A practice game of indoor base
ball between the senior team and a
nine composed of other students of
the college will occur at the armory
New York ' Racket Store, second
door south of Post Office. New
goods, notions, christmas goods and
toys. Also fresh bign grade grocer
ies constantly in stock.
The pulpit of the M. E. church
will be occupied next Sunday,
morning and evening, by Rev. D. J.
Hoadley, professor of English in
Willamette University.
Chas. M. Cad y, whose parents
reside in this city, went to Port
land on the boat yesterday. He
will visit relatives in Portland at
the same time try and secure a
situation as telegraph operator.
The first service ever held by the
Doweyites in this city, was con
ducted at the Christian church
Wednesday afternoon by Rev.
Ernst of that denomination. Mrs.
Martin, Mrs. Don Woodward and
Harold Martin were baptised into
this new faith bv triune immersion.
At a meeting of the athletic asso
ciation of the 0 A C Monday after
noon, James Zurcher was elected
Manager, and ohn Gault, Cap
tain of the football team to be or
ganized for next season. The Ga
zette suggested . Mr. Zurcher's
name for manager some time ago.
and the selection of Captain Gault
is also a wise one.
The revival meetings at : the
Christian church wiH ' close-" next
Sunday evening. The subject for
tonight is "Lost in the Fog." Sat
urday night Evangelist Burton
will give a free lecture on the Pas
sion Play. He was an eye-witness
of this wonderful production at
Oberammergau. ' The new converts
will be received into the church at
the Sunday morning service. ; -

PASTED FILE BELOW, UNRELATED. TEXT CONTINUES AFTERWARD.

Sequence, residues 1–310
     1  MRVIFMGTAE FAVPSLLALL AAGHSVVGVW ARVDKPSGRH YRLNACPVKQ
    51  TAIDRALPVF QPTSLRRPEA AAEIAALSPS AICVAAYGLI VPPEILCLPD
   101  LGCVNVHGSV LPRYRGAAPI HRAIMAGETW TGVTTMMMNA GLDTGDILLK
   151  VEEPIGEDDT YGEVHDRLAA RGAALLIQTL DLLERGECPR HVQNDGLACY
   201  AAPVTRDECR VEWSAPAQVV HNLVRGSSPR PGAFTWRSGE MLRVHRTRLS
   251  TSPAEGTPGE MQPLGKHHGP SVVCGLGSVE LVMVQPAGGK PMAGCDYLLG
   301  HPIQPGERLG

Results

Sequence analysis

Ferguson Chapter No. 5 A. T. &
A. M. held an election Wednesday
night and the following officers
were chosen: J. F. Yates, high
priest; H. W. Hall, king; John
Fulton, scribe; J. B. Irvine, captain
of the host; Z. H. Davis, secretary;
M S Woodcock, treasurer. A num.
ber of minor offices will be filled by
appointment. The installation of
officers will take place on the eve
ning of St. Johns Day.
Manager Kaupisch, of the Cor
vallis Creamery, made a tour Tues
day of the country; lying along the
road leading from Corvallis to
Monroe, from that place to Philo
math via Inayale, thence to this
city, establishing a creamery route.
The intention is to have a wagon
pass over this route twice every
week to gather cream for the new
butter factory in this city. Later,
other routes will be established.
Dr. D. Y. K. Deering, sheriff of
Union county, arrived Wednesday
to take charge oi El wood Cheno-
with, the- insane man who has
gained some notoriety for bis num
erouB escapes from omcers who nave
attempted to escort him to the
asylum. Last Monday afternoon he
walked into the sheriff's office in
this city and informed Deputy